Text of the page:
It’s been no secret that 2012 was a tough year for Lotus, but it seems as if times are changing in Norfolk. It was with this in mind that we made the trip up to Hethel with Jamie Matthews of Bell & Colvill and a pair of Exige S customers to meet with Head of European Sales for Lotus Cars, Graeme Robertson, to take a look how production of the cars is progressing and hopefully put to rest some of the rumours and worries that have been spreading as a result of the many delays that have beset the model.
We began our tour over in the original factory, now used for sub-assembly production and bodywork preparation at the very start of the build process. The bodywork area is buzzing to the sound of sanders as panels are readied for painting, while in the sub-assembly section numerous Exige S rear sub-frames with engines (characterised by the black supercharger, the Evora S’ is finished in silver) are being wheeled along ready to be transported over to the main production line – from which they should emerge as complete cars around 3 weeks later.
From here we head over to the later factory area, housing the main production line and originally used to build the S2 Elise and VX220. We enter in to the final preparation area and it’s fair to say that while there are a number of Exiges and Elises in this area that there is a high mix of Evoras as well. It is worth noting that to reach this stage that a car must be complete with NO missing parts.
Graeme admitted that Lotus’ increased focus on improving the productivity, efficiency and quality of its processes and products led to a drop in production. These improvements were necessary however to meet Lotus’ new internal quality control standards that have been imposed over the last 6 months and which led to a delay in production of the Exige S. The upside is what should be a notably better end product coming off the line, where the fit and finish will hopefully be a match for the award winning dynamics, and production volumes are now steadily increasing.
We then head back to the initial stages of the build process and follow the build process along from a bare chassis through the installation of the mechanical components, bodywork fitment and finally adding the interior and carrying out calibration. It’s here where you can really see the positive side of the DRB-Hicom takeover as each stage has been bolstered by a greater range of checks with finer tolerances to meet – this is a company which has for years worked refining and optimising the production processes of other companies doing what it does best.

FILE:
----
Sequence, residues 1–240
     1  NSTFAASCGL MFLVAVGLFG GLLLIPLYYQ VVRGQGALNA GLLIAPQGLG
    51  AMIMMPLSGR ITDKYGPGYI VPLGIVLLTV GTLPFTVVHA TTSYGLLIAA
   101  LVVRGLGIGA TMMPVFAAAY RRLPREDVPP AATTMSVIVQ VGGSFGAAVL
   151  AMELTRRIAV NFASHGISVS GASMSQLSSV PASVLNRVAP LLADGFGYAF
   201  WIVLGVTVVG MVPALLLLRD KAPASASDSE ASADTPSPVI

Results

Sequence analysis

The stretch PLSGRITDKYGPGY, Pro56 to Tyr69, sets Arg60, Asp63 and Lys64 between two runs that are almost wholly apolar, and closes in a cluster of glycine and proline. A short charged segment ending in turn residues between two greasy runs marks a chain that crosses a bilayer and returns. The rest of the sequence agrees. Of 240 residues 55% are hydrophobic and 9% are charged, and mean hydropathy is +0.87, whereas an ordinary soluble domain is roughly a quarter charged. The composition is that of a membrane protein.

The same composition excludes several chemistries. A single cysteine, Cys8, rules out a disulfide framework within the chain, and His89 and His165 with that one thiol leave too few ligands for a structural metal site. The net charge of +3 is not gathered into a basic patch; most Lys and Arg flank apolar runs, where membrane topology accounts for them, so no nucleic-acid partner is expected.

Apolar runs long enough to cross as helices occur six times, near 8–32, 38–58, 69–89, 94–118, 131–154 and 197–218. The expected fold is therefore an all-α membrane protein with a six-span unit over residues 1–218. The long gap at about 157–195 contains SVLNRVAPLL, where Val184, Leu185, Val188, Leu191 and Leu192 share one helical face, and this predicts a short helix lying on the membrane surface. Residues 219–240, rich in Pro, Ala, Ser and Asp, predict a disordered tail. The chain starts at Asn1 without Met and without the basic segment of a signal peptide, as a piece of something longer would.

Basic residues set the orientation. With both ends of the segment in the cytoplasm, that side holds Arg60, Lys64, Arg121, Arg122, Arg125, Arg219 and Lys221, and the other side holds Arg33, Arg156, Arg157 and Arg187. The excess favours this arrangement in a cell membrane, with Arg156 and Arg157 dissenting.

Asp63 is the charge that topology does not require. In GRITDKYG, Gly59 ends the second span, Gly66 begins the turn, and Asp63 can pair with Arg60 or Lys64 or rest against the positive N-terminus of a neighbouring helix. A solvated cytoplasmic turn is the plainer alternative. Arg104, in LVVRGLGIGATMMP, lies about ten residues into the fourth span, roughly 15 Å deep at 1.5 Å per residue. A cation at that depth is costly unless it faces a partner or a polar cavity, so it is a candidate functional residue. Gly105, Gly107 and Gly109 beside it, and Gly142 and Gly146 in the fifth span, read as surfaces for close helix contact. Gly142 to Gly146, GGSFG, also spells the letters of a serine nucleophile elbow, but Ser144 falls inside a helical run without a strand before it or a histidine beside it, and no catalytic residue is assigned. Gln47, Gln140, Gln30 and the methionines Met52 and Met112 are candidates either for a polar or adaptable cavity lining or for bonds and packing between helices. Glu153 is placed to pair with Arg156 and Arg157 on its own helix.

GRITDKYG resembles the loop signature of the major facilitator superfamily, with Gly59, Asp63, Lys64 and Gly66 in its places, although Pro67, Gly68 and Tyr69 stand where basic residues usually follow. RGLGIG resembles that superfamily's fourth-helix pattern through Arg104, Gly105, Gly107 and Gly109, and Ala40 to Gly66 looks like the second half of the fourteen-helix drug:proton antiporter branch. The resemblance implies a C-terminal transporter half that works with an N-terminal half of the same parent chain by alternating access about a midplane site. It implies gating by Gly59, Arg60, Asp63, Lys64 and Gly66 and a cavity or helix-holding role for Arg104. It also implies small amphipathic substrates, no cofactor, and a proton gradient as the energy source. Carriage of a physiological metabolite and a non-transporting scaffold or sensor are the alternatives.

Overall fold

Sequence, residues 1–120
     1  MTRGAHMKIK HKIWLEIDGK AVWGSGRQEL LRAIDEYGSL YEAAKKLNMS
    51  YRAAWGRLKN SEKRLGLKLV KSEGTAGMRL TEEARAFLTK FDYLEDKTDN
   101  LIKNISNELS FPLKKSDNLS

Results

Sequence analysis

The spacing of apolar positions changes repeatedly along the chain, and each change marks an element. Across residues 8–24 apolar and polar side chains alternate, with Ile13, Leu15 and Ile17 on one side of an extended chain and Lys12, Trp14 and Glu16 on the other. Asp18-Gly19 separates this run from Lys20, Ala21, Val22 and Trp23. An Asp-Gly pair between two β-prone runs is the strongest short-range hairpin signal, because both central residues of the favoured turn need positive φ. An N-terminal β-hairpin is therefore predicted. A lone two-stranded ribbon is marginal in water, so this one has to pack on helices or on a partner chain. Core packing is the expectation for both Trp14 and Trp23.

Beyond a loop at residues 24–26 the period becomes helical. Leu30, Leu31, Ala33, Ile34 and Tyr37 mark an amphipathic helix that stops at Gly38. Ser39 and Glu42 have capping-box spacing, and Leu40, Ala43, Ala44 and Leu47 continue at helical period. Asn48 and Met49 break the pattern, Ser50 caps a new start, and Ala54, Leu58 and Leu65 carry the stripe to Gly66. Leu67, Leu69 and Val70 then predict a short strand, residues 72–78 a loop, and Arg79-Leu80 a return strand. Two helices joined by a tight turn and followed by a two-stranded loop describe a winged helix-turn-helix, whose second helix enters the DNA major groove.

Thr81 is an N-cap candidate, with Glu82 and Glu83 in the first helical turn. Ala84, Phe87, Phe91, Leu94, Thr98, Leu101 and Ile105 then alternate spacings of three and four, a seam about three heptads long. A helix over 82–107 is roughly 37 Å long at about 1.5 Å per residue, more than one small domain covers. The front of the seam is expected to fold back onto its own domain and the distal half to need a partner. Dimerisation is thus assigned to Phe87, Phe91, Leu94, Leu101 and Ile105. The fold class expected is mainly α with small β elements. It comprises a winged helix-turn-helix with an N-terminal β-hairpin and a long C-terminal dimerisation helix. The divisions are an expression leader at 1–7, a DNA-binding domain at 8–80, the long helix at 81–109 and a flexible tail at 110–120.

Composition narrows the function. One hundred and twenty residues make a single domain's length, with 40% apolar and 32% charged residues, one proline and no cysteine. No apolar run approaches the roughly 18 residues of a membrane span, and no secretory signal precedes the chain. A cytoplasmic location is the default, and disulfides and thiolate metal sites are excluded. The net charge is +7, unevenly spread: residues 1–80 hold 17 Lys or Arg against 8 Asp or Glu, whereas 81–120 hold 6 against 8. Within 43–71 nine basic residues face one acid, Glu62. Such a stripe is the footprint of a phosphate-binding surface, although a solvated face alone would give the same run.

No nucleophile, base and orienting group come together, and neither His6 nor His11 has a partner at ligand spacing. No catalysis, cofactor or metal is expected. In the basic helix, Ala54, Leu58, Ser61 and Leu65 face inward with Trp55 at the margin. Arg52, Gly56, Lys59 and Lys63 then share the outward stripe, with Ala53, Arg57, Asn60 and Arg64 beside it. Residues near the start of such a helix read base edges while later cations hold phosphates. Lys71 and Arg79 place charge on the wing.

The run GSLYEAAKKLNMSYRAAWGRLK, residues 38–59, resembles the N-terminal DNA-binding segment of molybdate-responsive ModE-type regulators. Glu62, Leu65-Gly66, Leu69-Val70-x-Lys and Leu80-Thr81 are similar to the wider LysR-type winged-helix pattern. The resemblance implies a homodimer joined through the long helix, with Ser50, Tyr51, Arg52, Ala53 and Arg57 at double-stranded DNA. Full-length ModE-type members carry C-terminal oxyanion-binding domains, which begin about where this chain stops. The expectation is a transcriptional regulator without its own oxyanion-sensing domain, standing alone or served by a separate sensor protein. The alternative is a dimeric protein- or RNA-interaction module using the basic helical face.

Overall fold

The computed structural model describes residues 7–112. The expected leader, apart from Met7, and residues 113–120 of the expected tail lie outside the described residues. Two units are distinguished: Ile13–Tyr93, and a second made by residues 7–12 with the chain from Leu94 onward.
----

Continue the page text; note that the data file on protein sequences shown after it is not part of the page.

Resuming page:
All in there we see around two dozen Exige S’ in various stages of the build process, and while many are destined for various dealers around the world a glance at the build sheets does reveal a number of cars tantalisingly marked ‘Customer’.
Returning to the final preparation and suddenly all eyes are on one car – a Chrome Orange Exige S. In an instant orders are changed with both customers on the tour abandoning their previous choices of Pearl White. It’s easy to see why as well because it looks absolutely stunning and suits the car perfectly; it almost seems perverse that this colour is a special order not normally even on the option list for the Exige!
We round off the tour with a trip to the marquee where completed cars are stored prior to transportation to their recipients around the world. In here we found another 14 Exige S’, some destined for the remaining UK dealers and set for delivery this week, along with a plethora of Elises and Evora – including a large shipment destined for China and a number of the Evora Sports Racer models. Finally the visit was rounded off with a quick look around the motorsport facility, with a selection of Evora GT4 and Exige V6 Cup R’s in mid-build.
After all the doubt and delays it’s great to see the factory alive with activity and cars coming off the line, and those with orders can rest assured that the Exige S is amongst them. The key thing now is for Lotus get deliveries to customers coming through at a regular rate and restore people’s faith in the future of the company – something which based on what I saw today they have a good chance of achieving.
Written by James Thorburn (Thorburn)